“I will make you choose which of your children I will kill” shock but not surprise. See I think that poster should confidently expect the Police to knock on his door and for his caution to appear in the local papers.

I mean, if McAlpine can be allowed to find out his Twitter accusers in order to sue them, ordinary people should be allowed easily to find out the names and addresses (via the Police) in order to prosecute threats like that. I'd never type anything online I wouldn't accept being directly attributable to me.

FloatyBeatie Fri 25-Jan-13 12:53:26

Agree, Norma. It is the specifically sexual nature of the insults and the threats (as well as the extremity of these) that make women a target of especial verbal violence.

And the worst thing is that it matches the historic use of sexual intimidation to keep women quiet and to keep them out of physical real-life spaces. Think of the epidemic sexual attacks on women in Egypt at the moment, which is conceived of by men as punishing them for being on the street and/or being politically vocal. And the horrendous punishment rape in Libya during the "Spring" there (I'm sure there were many such, but one in particular had a lot of publicity.

I think it would be right to say that we have all faced low-level (or high-level) sexual intimidation in real-life spaces that was explicitly aimed to make us be quiet, butt out, etc? And online threats are disturbing because they remind us of that and tell us that even when we stay at home we haven't butted far enough out.

Erebus Fri 25-Jan-13 12:54:21

Startail you do have a point but it's very hard when everything about the female race is judged on appearance and whilst men continue to hold the purse and political strings, the culture of objectifying women will continue and women will, in order to 'get ahead', denigrate other women.

NormaStanleyFletcher Fri 25-Jan-13 12:57:18

I think internet nastiness and stupid appearance based comments are something all women in public life have to learn to ignore


Why should WOMEN have to put up with this when men do not?

Show me where that happens to men (the stuff I mentioned in the post upthread)?

How can it not be a problem that women are treated in this way? Because we have the vote? <<that's all you need to make you equal dear - pat on head>>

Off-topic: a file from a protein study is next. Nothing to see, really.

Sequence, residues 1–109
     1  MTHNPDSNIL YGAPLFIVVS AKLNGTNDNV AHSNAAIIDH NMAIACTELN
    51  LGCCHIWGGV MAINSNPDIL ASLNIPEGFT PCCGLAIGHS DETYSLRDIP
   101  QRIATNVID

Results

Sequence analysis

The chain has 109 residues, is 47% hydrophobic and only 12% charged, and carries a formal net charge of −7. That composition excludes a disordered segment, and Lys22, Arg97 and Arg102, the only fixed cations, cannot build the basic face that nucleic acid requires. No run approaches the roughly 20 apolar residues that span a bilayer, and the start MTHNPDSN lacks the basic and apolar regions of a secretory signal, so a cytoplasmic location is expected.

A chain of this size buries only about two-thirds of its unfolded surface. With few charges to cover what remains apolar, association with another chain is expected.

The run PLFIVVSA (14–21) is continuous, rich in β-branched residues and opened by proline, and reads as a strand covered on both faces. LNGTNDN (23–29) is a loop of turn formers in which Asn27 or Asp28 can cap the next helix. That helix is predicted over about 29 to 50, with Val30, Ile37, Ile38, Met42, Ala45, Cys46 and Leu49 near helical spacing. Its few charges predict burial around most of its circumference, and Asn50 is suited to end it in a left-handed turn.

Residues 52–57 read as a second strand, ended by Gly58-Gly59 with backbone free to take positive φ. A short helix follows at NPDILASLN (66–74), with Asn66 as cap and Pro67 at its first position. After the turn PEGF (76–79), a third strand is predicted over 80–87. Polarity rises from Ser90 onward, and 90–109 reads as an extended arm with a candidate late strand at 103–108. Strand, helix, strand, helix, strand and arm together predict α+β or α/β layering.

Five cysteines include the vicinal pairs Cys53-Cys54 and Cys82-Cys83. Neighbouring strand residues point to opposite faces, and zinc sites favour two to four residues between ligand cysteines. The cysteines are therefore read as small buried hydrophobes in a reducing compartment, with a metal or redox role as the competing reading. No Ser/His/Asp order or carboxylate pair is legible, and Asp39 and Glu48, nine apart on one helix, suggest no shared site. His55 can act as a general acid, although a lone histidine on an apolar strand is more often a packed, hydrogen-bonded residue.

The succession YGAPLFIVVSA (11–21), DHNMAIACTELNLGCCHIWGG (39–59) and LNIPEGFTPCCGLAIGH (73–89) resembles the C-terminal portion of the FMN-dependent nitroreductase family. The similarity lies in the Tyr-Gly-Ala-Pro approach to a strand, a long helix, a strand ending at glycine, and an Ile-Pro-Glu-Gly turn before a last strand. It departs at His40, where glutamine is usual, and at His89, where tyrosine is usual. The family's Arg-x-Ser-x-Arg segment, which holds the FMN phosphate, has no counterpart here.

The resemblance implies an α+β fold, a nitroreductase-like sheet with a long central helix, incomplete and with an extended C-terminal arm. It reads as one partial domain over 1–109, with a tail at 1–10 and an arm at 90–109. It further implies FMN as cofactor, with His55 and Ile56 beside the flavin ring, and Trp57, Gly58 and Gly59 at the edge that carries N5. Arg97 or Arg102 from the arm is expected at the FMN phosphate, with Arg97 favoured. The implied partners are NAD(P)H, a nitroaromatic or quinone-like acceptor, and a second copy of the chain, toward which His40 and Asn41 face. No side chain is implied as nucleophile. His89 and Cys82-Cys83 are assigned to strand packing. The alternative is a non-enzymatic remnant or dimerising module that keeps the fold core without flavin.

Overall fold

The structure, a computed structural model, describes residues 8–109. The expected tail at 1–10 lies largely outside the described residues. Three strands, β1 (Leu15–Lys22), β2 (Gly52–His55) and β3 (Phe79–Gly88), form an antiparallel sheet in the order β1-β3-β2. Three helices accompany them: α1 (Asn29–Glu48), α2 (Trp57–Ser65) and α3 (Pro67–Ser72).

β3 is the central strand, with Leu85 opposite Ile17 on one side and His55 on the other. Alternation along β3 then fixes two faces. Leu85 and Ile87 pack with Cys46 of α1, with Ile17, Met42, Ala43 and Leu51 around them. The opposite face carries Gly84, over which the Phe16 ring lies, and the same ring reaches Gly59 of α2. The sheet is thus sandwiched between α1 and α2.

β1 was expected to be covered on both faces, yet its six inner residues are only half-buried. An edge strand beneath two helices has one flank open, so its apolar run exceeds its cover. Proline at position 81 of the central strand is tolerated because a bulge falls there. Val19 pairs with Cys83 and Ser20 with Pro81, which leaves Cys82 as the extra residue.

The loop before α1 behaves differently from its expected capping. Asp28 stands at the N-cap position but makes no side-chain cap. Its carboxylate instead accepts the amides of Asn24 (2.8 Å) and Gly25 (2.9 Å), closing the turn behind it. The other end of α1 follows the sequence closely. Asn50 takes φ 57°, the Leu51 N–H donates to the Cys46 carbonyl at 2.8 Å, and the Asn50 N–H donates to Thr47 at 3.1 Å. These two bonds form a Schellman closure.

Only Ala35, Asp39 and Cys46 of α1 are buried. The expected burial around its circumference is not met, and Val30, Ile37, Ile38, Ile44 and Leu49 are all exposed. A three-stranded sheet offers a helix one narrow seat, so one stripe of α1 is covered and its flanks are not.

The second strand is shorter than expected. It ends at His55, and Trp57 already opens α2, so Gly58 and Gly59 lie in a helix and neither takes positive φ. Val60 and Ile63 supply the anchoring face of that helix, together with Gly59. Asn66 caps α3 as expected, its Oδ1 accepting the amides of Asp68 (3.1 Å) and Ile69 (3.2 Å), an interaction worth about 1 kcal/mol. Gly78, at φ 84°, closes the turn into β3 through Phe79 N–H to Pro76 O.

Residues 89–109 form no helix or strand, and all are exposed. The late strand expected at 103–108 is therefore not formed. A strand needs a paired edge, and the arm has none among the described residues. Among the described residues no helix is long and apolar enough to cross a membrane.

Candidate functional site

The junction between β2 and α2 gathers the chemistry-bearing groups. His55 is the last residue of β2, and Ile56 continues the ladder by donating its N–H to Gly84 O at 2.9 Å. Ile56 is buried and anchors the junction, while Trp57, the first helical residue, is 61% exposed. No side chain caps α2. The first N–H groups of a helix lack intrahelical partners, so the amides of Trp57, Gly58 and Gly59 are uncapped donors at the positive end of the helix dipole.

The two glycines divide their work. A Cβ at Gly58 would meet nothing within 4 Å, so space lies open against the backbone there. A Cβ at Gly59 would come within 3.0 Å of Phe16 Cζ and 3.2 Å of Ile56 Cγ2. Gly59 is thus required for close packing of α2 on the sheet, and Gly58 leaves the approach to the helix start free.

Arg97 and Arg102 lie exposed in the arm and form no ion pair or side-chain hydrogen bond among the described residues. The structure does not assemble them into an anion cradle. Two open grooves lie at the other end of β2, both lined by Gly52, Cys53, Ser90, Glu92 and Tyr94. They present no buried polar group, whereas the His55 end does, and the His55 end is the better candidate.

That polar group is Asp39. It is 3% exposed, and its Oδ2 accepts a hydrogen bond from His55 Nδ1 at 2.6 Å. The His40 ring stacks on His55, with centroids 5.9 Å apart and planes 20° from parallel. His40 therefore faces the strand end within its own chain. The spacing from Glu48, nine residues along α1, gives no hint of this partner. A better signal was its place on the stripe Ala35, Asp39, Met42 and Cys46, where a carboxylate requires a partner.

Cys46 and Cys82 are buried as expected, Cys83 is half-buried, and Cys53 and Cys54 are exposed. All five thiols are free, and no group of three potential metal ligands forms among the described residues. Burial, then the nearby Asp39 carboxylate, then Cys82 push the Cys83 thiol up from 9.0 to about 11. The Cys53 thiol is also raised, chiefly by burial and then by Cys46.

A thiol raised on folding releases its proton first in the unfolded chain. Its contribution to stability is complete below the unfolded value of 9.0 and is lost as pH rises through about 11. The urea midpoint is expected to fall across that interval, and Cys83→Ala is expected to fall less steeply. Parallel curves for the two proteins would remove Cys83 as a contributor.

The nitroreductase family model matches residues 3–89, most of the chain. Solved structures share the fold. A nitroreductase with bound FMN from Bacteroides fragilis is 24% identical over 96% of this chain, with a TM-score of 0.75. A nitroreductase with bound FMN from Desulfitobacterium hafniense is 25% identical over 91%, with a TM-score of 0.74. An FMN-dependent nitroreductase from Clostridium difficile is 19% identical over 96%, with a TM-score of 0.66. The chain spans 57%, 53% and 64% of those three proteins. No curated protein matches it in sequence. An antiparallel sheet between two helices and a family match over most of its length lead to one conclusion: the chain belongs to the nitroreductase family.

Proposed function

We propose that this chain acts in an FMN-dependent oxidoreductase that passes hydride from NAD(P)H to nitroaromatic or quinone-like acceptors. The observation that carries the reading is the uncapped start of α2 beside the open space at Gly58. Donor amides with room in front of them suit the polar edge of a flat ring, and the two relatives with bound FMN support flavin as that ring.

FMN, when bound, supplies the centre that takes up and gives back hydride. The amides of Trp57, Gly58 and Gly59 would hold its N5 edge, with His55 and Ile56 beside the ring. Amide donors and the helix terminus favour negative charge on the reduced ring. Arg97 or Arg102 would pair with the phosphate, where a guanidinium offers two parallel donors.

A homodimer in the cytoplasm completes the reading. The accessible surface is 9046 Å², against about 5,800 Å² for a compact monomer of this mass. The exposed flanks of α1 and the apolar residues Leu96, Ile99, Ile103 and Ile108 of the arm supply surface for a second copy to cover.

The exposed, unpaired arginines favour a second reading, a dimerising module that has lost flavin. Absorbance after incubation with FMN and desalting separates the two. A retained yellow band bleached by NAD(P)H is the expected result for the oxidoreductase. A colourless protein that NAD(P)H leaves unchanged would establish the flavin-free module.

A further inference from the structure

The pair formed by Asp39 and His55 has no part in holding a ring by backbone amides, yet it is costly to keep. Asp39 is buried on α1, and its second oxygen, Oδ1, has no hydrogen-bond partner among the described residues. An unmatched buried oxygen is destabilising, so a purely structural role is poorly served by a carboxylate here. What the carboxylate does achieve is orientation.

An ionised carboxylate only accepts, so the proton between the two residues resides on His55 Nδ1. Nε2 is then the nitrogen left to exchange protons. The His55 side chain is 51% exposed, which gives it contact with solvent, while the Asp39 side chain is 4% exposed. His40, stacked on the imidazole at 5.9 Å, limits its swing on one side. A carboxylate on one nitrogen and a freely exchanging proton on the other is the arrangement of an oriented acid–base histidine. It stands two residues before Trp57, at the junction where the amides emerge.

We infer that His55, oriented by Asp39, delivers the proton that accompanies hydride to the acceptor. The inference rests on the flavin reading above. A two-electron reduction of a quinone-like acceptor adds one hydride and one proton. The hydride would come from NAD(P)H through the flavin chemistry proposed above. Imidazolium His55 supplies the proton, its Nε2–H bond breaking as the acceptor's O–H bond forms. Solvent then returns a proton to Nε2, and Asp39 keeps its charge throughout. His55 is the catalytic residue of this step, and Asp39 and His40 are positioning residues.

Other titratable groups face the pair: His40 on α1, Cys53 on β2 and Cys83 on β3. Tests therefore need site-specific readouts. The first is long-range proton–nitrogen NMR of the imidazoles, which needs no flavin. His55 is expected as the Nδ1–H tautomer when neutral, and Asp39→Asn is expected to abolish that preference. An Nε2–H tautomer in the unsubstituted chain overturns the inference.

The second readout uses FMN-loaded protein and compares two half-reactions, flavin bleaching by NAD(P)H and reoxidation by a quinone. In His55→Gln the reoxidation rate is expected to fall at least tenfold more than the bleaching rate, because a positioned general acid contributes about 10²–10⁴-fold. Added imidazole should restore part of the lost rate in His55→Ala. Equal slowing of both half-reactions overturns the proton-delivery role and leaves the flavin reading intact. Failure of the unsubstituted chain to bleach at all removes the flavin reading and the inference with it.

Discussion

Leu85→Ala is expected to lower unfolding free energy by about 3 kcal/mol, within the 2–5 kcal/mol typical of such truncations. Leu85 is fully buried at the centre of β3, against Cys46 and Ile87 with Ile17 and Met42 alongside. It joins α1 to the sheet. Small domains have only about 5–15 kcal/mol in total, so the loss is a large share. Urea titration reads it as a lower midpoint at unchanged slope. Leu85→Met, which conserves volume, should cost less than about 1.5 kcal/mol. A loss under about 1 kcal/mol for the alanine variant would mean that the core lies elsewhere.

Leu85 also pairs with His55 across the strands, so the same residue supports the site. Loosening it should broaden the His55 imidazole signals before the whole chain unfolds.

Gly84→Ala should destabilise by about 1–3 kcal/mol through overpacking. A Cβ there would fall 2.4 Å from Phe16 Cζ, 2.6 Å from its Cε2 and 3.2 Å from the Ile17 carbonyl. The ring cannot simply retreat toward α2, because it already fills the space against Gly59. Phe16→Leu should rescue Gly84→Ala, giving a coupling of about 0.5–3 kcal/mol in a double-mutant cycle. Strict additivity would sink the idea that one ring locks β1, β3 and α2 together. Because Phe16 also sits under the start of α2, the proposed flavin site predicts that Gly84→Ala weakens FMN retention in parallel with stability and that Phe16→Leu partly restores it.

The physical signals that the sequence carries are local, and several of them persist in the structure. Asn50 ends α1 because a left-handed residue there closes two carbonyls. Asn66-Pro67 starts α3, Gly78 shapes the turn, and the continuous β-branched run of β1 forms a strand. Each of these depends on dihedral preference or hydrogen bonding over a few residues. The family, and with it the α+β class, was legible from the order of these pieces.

NormaStanleyFletcher Fri 25-Jan-13 13:01:49

It also reminds me of something I heard on the radio about the under-representation of women as broadcasted experts on R4. It was a quote from a woman who was an expert, but did not put herself forward for those shows where they need a couple of experts (to disagree with each other).

She said "why would I expose myself to that"

Who could blame her?

But this means my children are growing up seeing mainly male 'experts' and talking heads on television. WHat message does that send? That men know stuff and women dont?

FloatyBeatie Fri 25-Jan-13 13:04:48

I do feel torn, though, about how far it is appropriate to treat specifically misogynistic verbal violence against women online as a separate problem from the larger issue of the very poor state of online conversation generally. To an extent it is a separate issue, but the other ways in which people are silenced and hounded online are pervasive and very damaging. I'm thinking of the whole Suzanne Moore thing, and the ways in which, in some conversational contexts, anything other than a rehearsal of orthodoxy is treated to powerful cold-shouldering and orchestrated attack. Very obstructive, very silencing.

HardlyEverHoovers Fri 25-Jan-13 13:14:34

Erebus, just for the record I was recently called names very similar to the ones you mentioned on AIBU. The post was removed. Luckily I'm thick skinned, but it did make me reflect on the dangers of online anonymity and I wondered if that same person would have used that language if we had been sat talking in a cafe...probably not!